The search for Black Rock Part I
A story from guest blogger Professor Clare Anderson -
In January 2011, I came across a box of letters in the India Office archives of the British Library. They were dated 1874-77, and were written by the Reverend Thomas L.J. Warneford. At that time he was part of the colonial administration of the Andaman Islands, which had been established as a penal colony for Indian convicts following the Great Uprising of 1857-8. Forbidden to proselytize amongst the convicts, his role was to minister to the Islands’ British residents, from the elite official classes to Anglo-Indians and ordinary soldiers. Among his other roles was the setting up of free education for the locally born children of convicts – who were growing in number even as early as the 1870s.
© The British Library Board
Map of the Andaman Islands from Maurice Vidal Portman, A History of our Relations with the Andamanese (Calcutta, 1899) Images Online
The letters were addressed to Warneford’s daughter, Maud, who following a childhood in India and the Andamans, and the death of her mother, had returned to England aged 10. The letters are deeply personal, affectionate and affecting. The reverend calls Maud his ‘little woman,’ and sends news of friends, servants, and household pets – dogs, rabbits, cats, goats, parrots and even a tortoise. He describes the scriptural readings, music and hymns sung in Port Blair’s Christ Church; and writes in detail about the garden that they had created together. He frequently implores Maud to remember her experiences in the islands – the way she decorated the church altar for services, the chapatis she ate each morning for breakfast, and the friends that she had made. He passes on Maud’s greetings to their convict boatmen and servants, and reminds her that she used to teach them their ‘English letters.’ He often signs his letters off with row upon row of kisses, with sighs about how much he misses his daughter, and hopes that he will see her soon. He thanks her for her many letters, and complains that her older brother, Reggie, also by then in England, does not write to him as often as he would like.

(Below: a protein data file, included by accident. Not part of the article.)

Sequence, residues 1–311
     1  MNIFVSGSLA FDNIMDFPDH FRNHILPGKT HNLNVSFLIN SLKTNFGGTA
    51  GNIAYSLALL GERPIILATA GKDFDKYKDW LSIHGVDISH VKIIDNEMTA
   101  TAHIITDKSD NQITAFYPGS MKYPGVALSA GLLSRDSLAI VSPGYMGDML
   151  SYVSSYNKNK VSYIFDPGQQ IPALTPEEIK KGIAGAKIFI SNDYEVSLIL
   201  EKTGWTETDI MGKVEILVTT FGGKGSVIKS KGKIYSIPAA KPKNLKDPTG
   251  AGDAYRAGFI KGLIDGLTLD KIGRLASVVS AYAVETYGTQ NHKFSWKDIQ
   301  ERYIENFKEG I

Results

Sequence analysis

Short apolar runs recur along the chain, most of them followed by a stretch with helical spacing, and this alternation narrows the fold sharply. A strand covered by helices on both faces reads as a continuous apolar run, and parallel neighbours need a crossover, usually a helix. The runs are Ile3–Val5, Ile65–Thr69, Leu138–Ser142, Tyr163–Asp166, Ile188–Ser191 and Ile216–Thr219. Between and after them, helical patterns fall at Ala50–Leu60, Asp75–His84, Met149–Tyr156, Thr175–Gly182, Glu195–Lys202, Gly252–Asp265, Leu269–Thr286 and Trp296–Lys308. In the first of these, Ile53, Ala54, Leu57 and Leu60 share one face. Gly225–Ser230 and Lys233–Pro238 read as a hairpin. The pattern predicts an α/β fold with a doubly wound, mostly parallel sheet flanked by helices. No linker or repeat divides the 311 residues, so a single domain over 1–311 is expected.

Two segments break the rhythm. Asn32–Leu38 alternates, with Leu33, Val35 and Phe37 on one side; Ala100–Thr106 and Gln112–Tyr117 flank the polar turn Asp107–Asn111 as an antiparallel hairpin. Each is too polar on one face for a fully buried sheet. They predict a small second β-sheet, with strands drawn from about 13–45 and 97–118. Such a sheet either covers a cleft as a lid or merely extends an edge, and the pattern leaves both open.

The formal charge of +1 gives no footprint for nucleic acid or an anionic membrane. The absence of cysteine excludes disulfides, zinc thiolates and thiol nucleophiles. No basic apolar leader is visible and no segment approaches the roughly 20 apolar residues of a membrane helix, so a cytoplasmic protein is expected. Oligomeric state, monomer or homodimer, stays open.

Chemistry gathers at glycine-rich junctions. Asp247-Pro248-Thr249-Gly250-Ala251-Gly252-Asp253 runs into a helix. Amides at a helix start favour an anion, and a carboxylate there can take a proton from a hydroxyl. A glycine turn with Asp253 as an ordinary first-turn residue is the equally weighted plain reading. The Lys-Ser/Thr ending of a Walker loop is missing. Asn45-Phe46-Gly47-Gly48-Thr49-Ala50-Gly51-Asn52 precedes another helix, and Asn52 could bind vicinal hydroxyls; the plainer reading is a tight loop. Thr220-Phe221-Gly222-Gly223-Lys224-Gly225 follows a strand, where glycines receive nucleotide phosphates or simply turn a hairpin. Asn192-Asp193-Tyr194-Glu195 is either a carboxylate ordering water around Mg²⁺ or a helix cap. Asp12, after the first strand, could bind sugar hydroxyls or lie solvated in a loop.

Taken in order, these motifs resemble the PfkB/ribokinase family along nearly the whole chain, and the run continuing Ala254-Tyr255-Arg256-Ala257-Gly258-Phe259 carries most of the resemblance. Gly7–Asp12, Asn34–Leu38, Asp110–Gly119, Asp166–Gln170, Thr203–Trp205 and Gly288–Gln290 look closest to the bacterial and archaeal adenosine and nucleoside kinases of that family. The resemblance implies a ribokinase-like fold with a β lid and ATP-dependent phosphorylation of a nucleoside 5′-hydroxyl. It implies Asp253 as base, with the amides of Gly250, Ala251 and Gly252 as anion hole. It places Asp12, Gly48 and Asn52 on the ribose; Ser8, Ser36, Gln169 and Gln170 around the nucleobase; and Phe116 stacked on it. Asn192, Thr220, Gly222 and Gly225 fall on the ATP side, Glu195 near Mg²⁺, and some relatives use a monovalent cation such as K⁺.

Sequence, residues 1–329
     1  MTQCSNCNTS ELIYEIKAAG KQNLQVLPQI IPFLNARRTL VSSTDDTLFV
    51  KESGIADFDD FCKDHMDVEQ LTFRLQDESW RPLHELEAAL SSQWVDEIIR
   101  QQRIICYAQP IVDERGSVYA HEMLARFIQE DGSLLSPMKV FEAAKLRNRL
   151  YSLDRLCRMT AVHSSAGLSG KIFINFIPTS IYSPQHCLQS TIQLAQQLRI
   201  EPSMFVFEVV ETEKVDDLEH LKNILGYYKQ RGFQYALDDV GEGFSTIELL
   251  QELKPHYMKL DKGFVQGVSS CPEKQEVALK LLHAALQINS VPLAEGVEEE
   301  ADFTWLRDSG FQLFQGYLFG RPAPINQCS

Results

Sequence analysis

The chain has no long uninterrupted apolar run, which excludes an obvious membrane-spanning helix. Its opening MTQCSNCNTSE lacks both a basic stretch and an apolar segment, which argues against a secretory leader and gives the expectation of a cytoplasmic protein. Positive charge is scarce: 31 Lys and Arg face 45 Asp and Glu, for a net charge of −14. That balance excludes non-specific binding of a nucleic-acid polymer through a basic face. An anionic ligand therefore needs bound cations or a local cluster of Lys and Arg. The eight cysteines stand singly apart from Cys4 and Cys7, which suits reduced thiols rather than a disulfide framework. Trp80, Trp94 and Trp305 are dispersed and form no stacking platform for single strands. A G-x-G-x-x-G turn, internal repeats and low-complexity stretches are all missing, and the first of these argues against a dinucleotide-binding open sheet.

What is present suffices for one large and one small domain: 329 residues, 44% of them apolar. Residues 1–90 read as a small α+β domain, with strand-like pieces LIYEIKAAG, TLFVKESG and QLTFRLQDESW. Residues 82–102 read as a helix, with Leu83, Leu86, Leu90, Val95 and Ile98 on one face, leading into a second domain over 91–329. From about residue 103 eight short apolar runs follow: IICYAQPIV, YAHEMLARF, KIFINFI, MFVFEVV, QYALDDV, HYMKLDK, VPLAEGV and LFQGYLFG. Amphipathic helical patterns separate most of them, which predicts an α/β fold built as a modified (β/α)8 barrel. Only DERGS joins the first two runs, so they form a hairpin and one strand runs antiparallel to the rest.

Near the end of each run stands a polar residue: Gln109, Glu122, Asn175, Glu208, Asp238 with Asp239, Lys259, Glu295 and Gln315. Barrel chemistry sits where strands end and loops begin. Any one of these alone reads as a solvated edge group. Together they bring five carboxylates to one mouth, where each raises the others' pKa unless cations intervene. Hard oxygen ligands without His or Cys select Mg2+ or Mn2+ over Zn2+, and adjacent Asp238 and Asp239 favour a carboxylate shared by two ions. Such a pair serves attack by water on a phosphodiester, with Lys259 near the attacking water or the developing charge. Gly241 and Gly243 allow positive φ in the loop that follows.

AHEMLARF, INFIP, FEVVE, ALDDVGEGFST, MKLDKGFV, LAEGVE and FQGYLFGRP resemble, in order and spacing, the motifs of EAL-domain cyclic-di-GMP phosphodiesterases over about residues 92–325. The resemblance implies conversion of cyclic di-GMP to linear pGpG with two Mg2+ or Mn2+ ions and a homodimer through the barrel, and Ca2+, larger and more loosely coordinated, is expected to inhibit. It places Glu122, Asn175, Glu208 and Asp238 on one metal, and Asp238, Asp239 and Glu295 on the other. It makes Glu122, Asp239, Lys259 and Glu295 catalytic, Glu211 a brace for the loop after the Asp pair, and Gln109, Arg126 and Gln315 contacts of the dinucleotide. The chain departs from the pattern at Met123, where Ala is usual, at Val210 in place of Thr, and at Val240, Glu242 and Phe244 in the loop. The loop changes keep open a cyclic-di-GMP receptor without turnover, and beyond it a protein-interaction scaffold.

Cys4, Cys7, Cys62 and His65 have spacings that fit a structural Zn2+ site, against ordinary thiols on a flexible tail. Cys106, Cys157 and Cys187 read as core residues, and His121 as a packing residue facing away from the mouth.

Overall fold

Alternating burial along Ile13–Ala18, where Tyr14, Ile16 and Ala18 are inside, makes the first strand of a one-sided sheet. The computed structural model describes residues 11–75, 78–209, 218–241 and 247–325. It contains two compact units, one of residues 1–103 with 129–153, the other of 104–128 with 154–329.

There are many things of interest in these letters, but I was especially taken by one, dated 4 May 1876, in which Warneford describes a visit to a local beauty spot, Mount Harriet, the highest point on the island of South Andaman. He reminds Maud of the many happy times they had there, collecting shells and catching pigeons. ‘Went to the “rock” … and cut out your name MAUD about 4 inches long,’ he writes, ‘Reggie’s is also there.’
With a research trip to the Andamans imminent, I made a careful note to go and look for it …
Professor of History, University of Leicester
Reference: IOPP/MSS Eur F388/1: Letters of Rev. Warneford, 1874-7.